Generally speaking, the Japanese are only starting to become aware of the foreign perspective on Japan's past foreign policies. For many years, the Japanese textbooks have been very bias, only telling certain parts of Japanese history to its students. Japan was presented in a very positive light. The atomic bomb was presented as something that came out of nowhere, for no real reason. However, a Japanese man recently died who had devoted most of his life to trying to change Japanese textbooks to be more truthful. He had achieved only a partial victory with an edited version of his textbook getting published. Hopefully his fight and his partial victory were enough to begin a change in Japanese minds. It's been 57 years since the atomic bomb was dropped and only now is Japan starting to recognize the effect of its past foreign policies on that event. Personally, I believe citizens of the United States are also not fully aware of the effects of our foreign policy on the rest of the world.
There are a ton of memorials in Hiroshima... but my favorite is a flame that is hopefully NOT eternal. The idea is it will remain lit only until all nuclear weapons have been disarmed. I really like that optimism. The photo to the left is me in front of that flame - it's under that arch, along with a book of all the names of the people who died in the explosion. Through the arch you can see the building (about a hundred yards back) that was closest to the hypocenter of the explosion (where the bomb actually exploded). They've left it standing as another reminder. Adam made an interesting comment. He thought it was interesting that one of the most important spots in history is actually up in the air, not on the ground.
I met up with Astrid, Damian and Adam at Starbuck's afterward to chat about the museum and what we'd seen. Even though Starbuck's is not known to be a socially responsible company, it became our hang out for the week. It was the only place we all knew, and we could all find. Besides,the atmosphere there was quite nice with jazz music in the background, decorated in warm colors, and hot drinks easily available. To the right is a photo of Damian, Astrid and Adam.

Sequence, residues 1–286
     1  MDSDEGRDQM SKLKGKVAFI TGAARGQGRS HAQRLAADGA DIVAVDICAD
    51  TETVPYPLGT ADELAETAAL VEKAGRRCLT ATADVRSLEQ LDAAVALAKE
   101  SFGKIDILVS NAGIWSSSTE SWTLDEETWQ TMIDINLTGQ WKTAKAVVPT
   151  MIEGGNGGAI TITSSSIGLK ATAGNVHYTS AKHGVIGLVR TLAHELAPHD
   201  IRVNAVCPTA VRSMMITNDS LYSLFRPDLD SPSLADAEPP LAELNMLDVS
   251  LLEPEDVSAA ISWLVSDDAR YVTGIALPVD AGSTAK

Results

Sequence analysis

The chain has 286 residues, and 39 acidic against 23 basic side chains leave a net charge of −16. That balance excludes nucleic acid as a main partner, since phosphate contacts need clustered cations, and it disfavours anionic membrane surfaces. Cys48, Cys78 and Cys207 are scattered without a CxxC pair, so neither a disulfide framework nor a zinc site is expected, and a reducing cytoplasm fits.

It was surprisingly cold in Hiroshima, so I had a couple of Starbuck's short hot cocoas. It was amazing how well we four got along, so quickly. Unfortunately, these folks all live quite a ways away from Nagaoka. We tried to find a particular restaurant that served Okenomiaki (a Hiroshima food specialty - not sure if I spelled that right) but after a lot of searching we found it... closed for the day. So again we chatted back at the youth hostel until they nicely asked us to go to bed about midnight. We couldn't chat in our rooms. For one thing Astrid and I were in the women's wing and they were in the men's. And for another thing, they were shared rooms and it would be rude to keep everyone else up talking.
Sunday, January 5, 2003
(Postcards and Visiting a Japanese Art Museum)
Damian left very early in the morning so we didn't see him. After checking out, Adam, Astrid and I put our backpacks in coin lockers at the train station. Then we walked around and looked at the different memorials near the Museum. There was a fresh bit of snow on them so it was a different experience than the day before. Astrid went to find Okenomiaki, and Adam and I bought some post cards and wrote up a few at Starbuck's. Adam left to catch his train at 12:30 or so.
I went on my own to the Hiroshima Art Museum. It was interesting. There was one building of western art, and another building of Japanese art, connected by a walkway. It was interesting to compare the two, almost side by side. As I looked at the western art, I wondered how they must look to the Japanese. There were very few Japanese in the western galleries. And the few that were there went very quickly by each painting. There were many more Japanese people in the Japanese art galleries, and I found myself going quickly by those painting. I had no frame of reference to appreciate them. The symbolism was (of course) different from western symbolism. And there was writing on many of the paintings, but I couldn't read it. I truly tried to open my mind to the Japanese art, and I was able to make a guess and what the painting might mean, but they were just pictures to me. It wasn't a question of open-mindedness, it was a question of having having a frame of reference, which comes from cultural upbringing or extensive study of another culture. For example, red in western culture tends to mean blood, lust, anger, war. However, in Japanese culture, red tends to mean happiness. Again, another example of the power of culture.
I walked around Hiroshima Castle a bit, and then headed back to Starbuck's to meet Astrid before we walked to catch our 7pm night bus back to Tokyo. We made the bus, and expected to wake up as the bus pulled into Tokyo at 7am so she could go to work. However...